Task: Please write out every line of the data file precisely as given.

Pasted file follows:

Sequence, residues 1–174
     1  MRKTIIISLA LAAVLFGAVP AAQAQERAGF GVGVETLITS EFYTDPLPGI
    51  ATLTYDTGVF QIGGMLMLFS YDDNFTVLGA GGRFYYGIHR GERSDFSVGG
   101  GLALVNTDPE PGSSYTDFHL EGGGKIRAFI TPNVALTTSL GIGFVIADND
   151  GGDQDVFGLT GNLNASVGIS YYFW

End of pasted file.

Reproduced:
Sequence, residues 1–174
     1  MRKTIIISLA LAAVLFGAVP AAQAQERAGF GVGVETLITS EFYTDPLPGI
    51  ATLTYDTGVF QIGGMLMLFS YDDNFTVLGA GGRFYYGIHR GERSDFSVGG
   101  GLALVNTDPE PGSSYTDFHL EGGGKIRAFI TPNVALTTSL GIGFVIADND
   151  GGDQDVFGLT GNLNASVGIS YYFW